My colleagues heard me correctly.

The CHAIRMAN. The time of the gentlewoman from California (Ms. Waters) has expired.

(By unanimous consent, Ms. Waters was allowed to proceed for 3 additional minutes.)

Ms. WATERS. Mr. Chairman, the fact that President Reagan’s Attorney General and Director of Central Intelligence thought that drug trafficking by their assets agents and contractors needed to be protected has been long known. These damning memorandums and the resulting memorandum of understanding are further evidence of a shocking official policy that allowed the drug cartels to operate through the CIA-led Contra covert operations in Central America.

This 1982 agreement clearly violated the Central Intelligence Agency Act of 1949. It also raises the possibility that certain individuals who testified in front of congressional investigating committees perjured themselves.

Mr. Chairman, every American should be shocked by these revelations. Given the shameful history of turning a blind eye to CIA involvement with drug traffickers, this amendment seeks to determine whether the current memorandum of understanding closes all of these loopholes to the drug cartels and narcotics trade.

At this time I know that there is a point of order against my amendment. The chairman of the committee is going to oppose this amendment, and so I am going to withdraw the amendment. But I wanted the opportunity to put it before this body so that they could understand that we had an official policy and a memorandum of understanding that people could fall back on and say I did not have to report it. Yes, I knew about it.

We have a subsequent memorandum of understanding of 1995 that is supposed to take care of it. I am not sure that it does.

Mr. Chairman, I submit for the Record the following correspondence between William French Smith and William J. Casey:


Office of the Attorney General, Washington, DC, February 11, 1982.

Hon. William J. Casey, Director, Central Intelligence Agency, Washington, D.C.

Dear Bill: Thank you for your letter regarding the procedures governing the reporting and use of information concerning federal crimes. I have reviewed the draft of the procedures that accompanied your letter and, in particular, the minor changes made in the draft that I had previously sent to you. These proposed changes are acceptable and, therefore, I have signed the procedures.

I have been advised that a question arose regarding the need to add narcotics violations to the list of reportable non-employee crimes (Section IV). 21 U.S.C. 874(h) provides that `[w]hen requested by the Attorney General, it shall be the duty of any agency or instrumentality of the Federal Government to furnish assistance to him for carrying out his functions under [the Controlled Substances Act] . . .’ Section 1.8(b) of Executive Order 12333 tasks the Central Intelligence Agency to `collect, produce and disseminate intelligence on foreign aspects of narcotics production and trafficking.’ Moreover, authorization for the dissemination of information concerning narcotics violations to law enforcement agencies, including the Department of Justice, is provided by sections 2.3© and (i) and 2.6(b) of the Order. In light of these provisions, and in view of the fine cooperation the Drug Enforcement Administration has received from CIA, no formal requirement regarding the reporting of narcotics violations has been included in these procedures. We look forward to the CIA’s continuing cooperation with the Department of Justice in this area.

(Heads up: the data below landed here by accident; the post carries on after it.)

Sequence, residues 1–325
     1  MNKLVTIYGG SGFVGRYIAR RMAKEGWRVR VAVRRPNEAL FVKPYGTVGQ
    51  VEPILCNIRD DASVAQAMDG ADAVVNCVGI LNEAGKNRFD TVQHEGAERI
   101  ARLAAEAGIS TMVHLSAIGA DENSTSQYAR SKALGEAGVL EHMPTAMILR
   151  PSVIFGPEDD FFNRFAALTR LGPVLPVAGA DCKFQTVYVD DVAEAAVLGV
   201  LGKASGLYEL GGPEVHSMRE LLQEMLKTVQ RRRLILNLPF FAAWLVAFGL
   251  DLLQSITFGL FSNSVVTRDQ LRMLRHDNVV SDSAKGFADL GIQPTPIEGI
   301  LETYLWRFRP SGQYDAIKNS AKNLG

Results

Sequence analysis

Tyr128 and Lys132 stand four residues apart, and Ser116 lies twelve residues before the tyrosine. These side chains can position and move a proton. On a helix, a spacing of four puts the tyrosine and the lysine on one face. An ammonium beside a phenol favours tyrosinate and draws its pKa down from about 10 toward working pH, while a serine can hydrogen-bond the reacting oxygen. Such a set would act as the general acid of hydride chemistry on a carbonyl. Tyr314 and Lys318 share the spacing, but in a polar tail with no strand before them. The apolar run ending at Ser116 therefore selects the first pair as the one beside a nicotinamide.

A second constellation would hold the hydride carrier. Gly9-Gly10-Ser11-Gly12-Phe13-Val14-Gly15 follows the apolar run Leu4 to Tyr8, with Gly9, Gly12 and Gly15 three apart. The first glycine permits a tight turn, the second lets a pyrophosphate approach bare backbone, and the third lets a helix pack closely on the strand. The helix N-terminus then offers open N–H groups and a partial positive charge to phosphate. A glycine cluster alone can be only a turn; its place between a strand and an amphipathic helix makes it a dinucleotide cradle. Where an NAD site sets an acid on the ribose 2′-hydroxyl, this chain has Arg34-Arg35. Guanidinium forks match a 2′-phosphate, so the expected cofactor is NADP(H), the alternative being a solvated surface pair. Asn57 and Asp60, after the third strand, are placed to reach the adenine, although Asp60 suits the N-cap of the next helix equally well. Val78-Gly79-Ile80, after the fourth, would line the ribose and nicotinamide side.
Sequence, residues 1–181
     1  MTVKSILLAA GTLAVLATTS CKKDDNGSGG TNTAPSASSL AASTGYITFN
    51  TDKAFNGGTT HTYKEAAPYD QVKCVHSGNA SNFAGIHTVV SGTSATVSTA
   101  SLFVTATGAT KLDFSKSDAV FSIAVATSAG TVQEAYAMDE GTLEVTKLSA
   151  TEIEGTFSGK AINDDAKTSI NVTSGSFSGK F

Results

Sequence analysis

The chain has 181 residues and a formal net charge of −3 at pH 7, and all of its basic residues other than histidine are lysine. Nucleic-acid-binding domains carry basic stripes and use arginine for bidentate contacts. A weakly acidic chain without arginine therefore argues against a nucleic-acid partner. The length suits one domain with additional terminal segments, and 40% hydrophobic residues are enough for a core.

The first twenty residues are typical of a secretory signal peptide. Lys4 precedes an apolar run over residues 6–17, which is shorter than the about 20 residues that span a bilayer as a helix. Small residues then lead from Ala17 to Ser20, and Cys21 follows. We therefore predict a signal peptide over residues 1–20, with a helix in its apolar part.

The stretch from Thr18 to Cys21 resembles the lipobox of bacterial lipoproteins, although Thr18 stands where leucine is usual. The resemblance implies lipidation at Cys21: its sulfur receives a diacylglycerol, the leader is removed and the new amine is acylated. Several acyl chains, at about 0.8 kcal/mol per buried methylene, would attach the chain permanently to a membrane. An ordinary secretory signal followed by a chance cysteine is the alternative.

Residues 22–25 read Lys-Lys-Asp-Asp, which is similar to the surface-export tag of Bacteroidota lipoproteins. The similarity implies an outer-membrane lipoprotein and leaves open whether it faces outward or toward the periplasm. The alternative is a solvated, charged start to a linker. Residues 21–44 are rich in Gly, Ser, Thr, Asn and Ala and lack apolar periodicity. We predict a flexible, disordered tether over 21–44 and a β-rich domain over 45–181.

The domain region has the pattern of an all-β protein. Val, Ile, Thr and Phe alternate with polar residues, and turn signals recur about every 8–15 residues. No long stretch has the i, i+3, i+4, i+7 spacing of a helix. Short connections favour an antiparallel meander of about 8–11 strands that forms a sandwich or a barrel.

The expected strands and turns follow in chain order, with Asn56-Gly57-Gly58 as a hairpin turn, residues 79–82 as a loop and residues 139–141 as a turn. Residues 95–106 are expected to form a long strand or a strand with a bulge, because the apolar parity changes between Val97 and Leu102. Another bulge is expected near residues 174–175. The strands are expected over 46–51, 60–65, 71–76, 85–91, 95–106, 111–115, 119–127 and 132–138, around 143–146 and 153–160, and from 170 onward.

In view of our agreement regarding the procedure, I have instructed my Counsel for Intelligence Policy to circulate a copy which I have executed to each of the other agencies covered by the procedures in order that they may be signed by the head of each such agency.


William French Smith, Attorney General.


THE DIRECTOR OF Central Intelligence, Washington, D.C., March 2, 1982.

Hon. William French Smith, Attorney General, Department of Justice, Washington, D.C.

Dear Bill: Thank you for your letter of 11 February regarding the procedures on reporting of crimes to the Department of Justice, which are being adopted under Section 1-7(a) of Executive Order 12333. I have signed the procedures, and am returning the original to you for retention at the Department.

I am pleased that these procedures, which I believe strike the proper balance between enforcement of the law and protection of intelligence sources and methods, will now be forwarded to other agencies covered by them for signing by the heads of those agencies.

With best regards,

Yours, William J. Casey.


[9] See The Stanley Sporkin Hotseat.

[10] See Dan Briody’s The Iron Triangle: Inside the Secret World of The Carlyle Group.

[11] Wikipedia: A back channel in the language of diplomacy is an unofficial channel of communication between states or other political entities, used to supplement official channels, often for the purposes of discussing highly sensitive policy issues.

[12] See http://en.wikipedia.org/wiki/Federated_Department_Stores and http://en.wikipedia.org/wiki/Robert_Campeau

[13] See The Conspirators, by Ret. Cmdr. Al Martin.